"On 24 April 1977, a small unit of army conscripts was sent on a two day excercise into inhospitable territory above the small town of Putre, Chile. The intention was to harden the inexperienced troops for the rigours of military life. That night they camped on a windswept, arid plateau at Pampa Lluscuma, at a height of 12,000 feet. In charge of the raw recruits was Corporal Armando Valdes.
At 3:50 a.m., Pedro Rosales, the recruit on guard duty, saw something very odd. He called out to Valdes, who came immediately. What appeared to be two fuzzy, violet lights were descending from the mountains and heading their way. The ground below was filled with an eerie glow.
Unsure if these were flares being used in a mock attack, Valdes sprang quickly into action. He ordered some of the men to screen the camp fire light with blankets in the hope that they might escape detection in the dark. He told the others to secure and prepare their weapons whilst he went to investigate. He told them to crouch behind a nearby well, rifles posed. Then, uttering a plea to God to protect him-and with, they reported later, a conviction in his eyes- the corporal clambered over the well and headed into the darkness towards the purple glow.
Within seconds the inky night had swallowed him up. Moments later, the violet glow below them disappeared too. The conscripts fell into stunned silence before debating what to do next. They decided to wait and hope that their commander might return-which at 4:30 a.m. he duly did. But he approached them from behind- not from the direction in which he had just walked. Moreover, he was clearly less than well.
The startled soldiers saw him wandering as if in a trance, his voice uttering words that sounded like those of a sleepwalker. "You do not know who we are or where we come from," he said in a monotone, although he never consciously recalled saying this. He reached the camp site, looking barely able to stand, and collapsed on the ground apparently unconscious.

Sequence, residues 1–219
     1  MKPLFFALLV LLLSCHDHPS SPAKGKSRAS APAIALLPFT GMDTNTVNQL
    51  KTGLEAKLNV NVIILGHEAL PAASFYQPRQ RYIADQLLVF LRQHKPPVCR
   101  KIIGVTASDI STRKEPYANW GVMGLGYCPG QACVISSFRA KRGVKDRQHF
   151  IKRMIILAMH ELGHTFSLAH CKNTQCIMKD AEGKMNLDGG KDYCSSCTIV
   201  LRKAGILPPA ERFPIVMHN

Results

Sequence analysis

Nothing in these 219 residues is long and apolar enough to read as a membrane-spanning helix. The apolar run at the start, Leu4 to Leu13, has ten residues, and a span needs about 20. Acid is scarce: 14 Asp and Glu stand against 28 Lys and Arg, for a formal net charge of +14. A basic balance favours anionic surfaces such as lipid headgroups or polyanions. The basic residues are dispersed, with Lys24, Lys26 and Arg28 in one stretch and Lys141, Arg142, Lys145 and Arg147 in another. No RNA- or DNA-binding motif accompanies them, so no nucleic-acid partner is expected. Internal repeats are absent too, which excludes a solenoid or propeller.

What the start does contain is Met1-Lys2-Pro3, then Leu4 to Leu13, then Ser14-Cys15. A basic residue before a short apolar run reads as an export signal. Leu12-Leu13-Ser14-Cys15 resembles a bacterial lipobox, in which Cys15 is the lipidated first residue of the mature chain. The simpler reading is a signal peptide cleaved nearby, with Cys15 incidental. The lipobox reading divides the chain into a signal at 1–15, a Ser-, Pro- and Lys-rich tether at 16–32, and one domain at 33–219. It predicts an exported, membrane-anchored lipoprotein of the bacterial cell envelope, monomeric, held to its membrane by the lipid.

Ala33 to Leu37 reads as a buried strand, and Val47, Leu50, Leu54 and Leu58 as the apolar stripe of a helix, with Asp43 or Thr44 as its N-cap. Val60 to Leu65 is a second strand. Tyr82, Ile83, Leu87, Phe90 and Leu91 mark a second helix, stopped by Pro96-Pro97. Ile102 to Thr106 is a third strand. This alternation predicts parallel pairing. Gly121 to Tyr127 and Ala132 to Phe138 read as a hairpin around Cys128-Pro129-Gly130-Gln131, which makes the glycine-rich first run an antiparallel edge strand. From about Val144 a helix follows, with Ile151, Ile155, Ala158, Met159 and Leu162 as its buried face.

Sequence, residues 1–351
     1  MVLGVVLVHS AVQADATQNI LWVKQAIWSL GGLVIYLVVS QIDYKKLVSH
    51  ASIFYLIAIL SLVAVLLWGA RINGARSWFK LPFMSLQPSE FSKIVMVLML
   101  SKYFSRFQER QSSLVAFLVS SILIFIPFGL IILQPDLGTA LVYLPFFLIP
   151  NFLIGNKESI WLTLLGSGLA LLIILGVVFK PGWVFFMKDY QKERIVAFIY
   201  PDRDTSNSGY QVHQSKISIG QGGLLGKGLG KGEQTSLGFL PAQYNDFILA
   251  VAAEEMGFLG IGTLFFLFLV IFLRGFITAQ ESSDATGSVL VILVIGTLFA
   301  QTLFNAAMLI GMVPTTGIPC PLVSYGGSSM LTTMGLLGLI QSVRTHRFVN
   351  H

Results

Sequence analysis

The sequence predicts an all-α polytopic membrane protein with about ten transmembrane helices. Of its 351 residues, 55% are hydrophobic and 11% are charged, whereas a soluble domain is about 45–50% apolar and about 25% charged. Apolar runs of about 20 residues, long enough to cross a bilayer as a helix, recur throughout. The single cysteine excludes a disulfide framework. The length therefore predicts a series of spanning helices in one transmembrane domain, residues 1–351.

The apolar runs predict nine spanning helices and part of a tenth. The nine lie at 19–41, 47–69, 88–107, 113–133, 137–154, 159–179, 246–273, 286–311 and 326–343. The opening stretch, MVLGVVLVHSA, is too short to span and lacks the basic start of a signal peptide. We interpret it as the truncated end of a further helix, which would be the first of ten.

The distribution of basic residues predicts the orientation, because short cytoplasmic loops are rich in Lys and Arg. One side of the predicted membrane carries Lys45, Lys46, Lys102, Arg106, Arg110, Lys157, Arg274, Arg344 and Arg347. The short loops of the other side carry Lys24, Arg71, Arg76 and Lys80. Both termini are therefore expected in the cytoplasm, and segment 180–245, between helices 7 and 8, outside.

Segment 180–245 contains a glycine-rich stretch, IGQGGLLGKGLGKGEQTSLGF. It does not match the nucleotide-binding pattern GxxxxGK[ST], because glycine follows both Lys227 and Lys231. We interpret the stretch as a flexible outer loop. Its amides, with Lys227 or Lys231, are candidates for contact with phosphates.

Having cared for him as best they could, the men waited for a cold dawn to rise over the mountains. It was then that they noticed several very strange things about their stricken leader. Although they had seen him shave only hours earlier, he was now sporting several days' growth of beard. His watch had stopped at about 4:30 a.m., the approximate time of his return to the camp, but the date display-which had to be wound on manually through twenty-four hours at a time to alter it-read 30 April. It was as if Valdes had lived through five days in fifteen minutes.
At about 7 a.m. the corporal regained consciousness, but he was still far from lucid. He appeared to be in a state of shock, with massive memory loss and no proper body coordination. The troops took the decision to abandon their excercise and get him to the nearest town, a difficult two-hour trek.
At Putre, the local schoolteacher, Pedro Araneda, was the closest to an expert on hand and he taped an interview with the still only semi-coherent officer and some of the men. This was to prove important, because when the Chilean military arrived they put a block on the tape's release and the military governor of Arica province ordered Valdes to keep silent about his experience. However, Araneda was eventually allowed to release the transcripts."
Chilean dictator, Augusto Pinochet had to approve a journalist's request to interview Valdes in 1983. Unfortunately, Valdes was only able to confirm the details of the original story. Valdes still had no memory of the missing 15 minutes (or 5 days depending on how one looks at the case). "They are a void in my mind," he commented. The massive time loss factor in this case reminds me of the Travis Walton case in Arizona in 1975. The last gentleman pictured is the MegaHandsome Anton Antipov-I don't know who the other one is- unfortunately;-). More here